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Freddie Settles SEC Case

It will pay $50 million.

Freddie Mac


will pay $50 million to settle charges that it misled investors by smoothing earnings growth.

The settlement closes out the last probe tied to the accounting chicanery that saddled the mortgage firm with billions of dollars in restatements and led to the ouster of previous management.

In its complaint, the

Securities and Exchange Commission

alleged that Freddie manipulated its earnings beginning as early as 1998 and lasting through 2002. According to the complaint, Freddie Mac misreported its net income in 2000, 2001 and 2002 by 30%, 24% and 43%, respectively, the SEC said.

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The mortgage finance firm "engaged in a fraudulent scheme that deceived investors about its true performance, profitability, and growth trends," the SEC said. Senior management "exerted consistent pressure to have the company report smooth and dependable earnings growth in order to present investors with the image of a company that would continue to generate predictable and growing earnings."

As a result of accounting errors and irregularities related to the mortgage finance firm's massive derivatives portfolio -- which it uses to hedge against interest rate fluctuations -- Freddie Mac was ensnared in an accounting scandal that began in 2003. While the McLean, Va.-based firm had restated earnings for the three years and replaced its senior management team, federal regulators began probing Freddie Mac and ultimately forced it to pay millions in fines.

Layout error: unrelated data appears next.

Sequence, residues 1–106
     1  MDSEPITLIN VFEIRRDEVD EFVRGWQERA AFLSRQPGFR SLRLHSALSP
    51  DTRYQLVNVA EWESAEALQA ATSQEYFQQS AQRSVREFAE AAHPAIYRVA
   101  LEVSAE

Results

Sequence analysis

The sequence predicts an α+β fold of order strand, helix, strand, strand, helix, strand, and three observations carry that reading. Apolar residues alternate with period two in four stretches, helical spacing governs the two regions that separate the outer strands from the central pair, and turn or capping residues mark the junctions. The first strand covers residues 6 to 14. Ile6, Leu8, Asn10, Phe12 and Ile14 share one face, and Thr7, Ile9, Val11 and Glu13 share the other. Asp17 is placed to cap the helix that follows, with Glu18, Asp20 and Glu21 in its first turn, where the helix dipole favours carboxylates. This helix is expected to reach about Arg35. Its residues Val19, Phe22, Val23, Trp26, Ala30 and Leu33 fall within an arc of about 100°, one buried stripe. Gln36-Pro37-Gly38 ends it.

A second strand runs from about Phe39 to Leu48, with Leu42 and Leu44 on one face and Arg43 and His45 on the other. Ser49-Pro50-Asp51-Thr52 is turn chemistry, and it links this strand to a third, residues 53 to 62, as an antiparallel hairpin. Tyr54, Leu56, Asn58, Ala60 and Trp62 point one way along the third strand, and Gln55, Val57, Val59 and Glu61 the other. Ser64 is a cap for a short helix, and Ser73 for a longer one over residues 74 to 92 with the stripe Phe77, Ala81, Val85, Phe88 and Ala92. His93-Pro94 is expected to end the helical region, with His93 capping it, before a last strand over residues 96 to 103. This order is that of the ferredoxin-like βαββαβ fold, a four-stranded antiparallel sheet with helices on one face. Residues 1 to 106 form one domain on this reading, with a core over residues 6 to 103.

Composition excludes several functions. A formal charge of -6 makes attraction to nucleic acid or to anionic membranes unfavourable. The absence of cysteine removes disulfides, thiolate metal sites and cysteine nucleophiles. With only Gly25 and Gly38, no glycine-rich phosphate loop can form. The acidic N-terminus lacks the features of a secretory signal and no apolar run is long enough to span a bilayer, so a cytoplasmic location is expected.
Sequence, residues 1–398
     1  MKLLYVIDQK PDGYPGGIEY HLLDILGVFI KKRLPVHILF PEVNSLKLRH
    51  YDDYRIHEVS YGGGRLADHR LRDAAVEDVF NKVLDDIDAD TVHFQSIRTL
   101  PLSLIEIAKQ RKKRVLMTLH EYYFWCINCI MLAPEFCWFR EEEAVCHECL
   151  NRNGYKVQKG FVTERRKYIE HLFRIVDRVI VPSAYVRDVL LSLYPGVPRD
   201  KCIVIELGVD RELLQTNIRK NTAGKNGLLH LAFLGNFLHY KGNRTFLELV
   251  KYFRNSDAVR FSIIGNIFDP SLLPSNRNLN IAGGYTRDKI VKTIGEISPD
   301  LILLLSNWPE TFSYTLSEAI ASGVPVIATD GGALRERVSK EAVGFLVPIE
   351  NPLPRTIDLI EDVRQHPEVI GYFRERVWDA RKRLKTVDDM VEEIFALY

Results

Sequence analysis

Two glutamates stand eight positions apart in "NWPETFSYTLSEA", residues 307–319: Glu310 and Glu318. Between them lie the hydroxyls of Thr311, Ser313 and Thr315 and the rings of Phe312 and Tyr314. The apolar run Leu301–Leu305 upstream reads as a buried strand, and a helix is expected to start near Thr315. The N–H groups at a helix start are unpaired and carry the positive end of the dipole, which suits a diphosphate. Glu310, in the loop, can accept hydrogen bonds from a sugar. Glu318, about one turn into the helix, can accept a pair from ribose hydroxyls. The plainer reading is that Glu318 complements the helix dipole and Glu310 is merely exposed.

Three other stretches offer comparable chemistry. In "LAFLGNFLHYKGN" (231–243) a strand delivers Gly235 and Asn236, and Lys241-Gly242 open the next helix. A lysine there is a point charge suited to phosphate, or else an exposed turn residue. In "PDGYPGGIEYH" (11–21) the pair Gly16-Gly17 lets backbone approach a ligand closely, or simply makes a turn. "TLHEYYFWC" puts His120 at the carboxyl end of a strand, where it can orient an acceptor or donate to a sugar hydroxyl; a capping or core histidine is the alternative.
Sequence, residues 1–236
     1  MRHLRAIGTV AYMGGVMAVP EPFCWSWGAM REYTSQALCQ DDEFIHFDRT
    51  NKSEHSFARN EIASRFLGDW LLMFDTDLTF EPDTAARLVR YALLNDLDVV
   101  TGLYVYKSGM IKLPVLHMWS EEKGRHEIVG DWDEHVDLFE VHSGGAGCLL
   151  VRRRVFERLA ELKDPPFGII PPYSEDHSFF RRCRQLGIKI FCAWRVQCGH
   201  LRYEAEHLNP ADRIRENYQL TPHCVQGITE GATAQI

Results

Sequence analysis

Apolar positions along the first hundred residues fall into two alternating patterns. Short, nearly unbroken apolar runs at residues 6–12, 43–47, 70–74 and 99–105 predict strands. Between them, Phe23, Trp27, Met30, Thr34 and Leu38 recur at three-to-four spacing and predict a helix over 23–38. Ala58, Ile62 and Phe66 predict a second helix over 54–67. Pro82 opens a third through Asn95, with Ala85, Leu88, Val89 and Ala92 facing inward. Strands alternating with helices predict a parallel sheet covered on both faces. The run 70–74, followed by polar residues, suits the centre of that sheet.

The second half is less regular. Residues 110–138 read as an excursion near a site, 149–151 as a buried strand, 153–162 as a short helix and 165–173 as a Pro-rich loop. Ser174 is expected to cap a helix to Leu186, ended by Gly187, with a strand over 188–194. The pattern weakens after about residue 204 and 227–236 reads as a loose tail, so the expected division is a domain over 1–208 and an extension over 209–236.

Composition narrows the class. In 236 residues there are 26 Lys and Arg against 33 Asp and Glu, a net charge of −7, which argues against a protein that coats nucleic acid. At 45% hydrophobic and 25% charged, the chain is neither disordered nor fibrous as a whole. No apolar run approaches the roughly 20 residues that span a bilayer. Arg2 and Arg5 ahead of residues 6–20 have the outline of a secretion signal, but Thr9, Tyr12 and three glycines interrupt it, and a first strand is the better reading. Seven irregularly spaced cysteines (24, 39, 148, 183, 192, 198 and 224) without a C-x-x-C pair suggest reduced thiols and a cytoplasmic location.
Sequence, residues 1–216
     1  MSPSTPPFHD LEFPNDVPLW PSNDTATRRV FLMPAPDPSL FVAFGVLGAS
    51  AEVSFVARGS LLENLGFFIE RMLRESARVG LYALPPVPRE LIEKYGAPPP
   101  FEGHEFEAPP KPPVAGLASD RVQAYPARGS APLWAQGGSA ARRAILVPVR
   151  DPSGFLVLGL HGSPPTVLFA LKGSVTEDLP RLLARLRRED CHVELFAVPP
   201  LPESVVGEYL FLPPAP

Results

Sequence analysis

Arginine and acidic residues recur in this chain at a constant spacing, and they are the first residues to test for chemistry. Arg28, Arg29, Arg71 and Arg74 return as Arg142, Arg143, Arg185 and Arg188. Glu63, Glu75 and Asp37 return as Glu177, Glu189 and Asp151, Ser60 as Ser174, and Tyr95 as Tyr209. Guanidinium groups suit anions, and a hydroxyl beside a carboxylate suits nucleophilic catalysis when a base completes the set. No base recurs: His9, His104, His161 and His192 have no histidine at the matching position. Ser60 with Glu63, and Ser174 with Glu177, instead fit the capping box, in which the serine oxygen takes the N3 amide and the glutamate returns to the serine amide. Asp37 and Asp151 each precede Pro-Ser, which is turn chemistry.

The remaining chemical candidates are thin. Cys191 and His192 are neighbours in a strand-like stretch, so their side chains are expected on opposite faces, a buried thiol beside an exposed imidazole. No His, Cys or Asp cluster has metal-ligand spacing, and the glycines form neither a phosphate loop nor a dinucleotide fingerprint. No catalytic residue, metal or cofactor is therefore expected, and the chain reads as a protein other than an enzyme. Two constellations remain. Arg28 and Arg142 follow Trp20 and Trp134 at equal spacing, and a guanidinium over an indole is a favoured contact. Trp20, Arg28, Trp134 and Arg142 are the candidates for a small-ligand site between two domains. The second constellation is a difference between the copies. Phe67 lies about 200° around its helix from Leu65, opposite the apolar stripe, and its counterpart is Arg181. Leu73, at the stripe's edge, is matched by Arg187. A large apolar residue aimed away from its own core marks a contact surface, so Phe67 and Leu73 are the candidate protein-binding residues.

Among the violations, the SEC alleges that Freddie Mac attempted to "nullify" the transitional effects of accounting changes related to derivative instruments and hedging activities. It also recorded an improper change in valuing the company's "swaptions" portfolio at year-end 2000, while also improperly using derivatives to shift earnings between periods. Freddie Mac also improperly used a certain reserve in connection with the accounting of loan origination costs. It also reported reserves for losses on loans that were "materially in excess of probable losses," the SEC said.

Freddie Mac agreed to pay the penalty, which will be distributed to investors through a Fair Fund, without admitting or denying the allegations.

"We take these charges seriously, and that's why the Freddie Mac of today is a very different company than the Freddie Mac of the past," Richard F. Syron, Freddie Mac's chairman and chief executive, said in a separate statement. "Today's agreement would resolve the last investigation related to the company's legacy restatement issues. This is another milestone enabling us to focus entirely on those things that are most important -- further advancing our housing mission, effectively serving our customers and building our business for the future."

The SEC also charged Freddie Mac's former president and vice chairman David Glenn, its former CFO Vaughn Clarke and two other former executives. As part of the settlement, the four executives agreed to pay penalties ranging from $65,000 to $125,000 and reimbursement to investors between $29,000 to $62,000, without admitting or denying the allegations.

Shares of the company rose 25 cents to $59.80.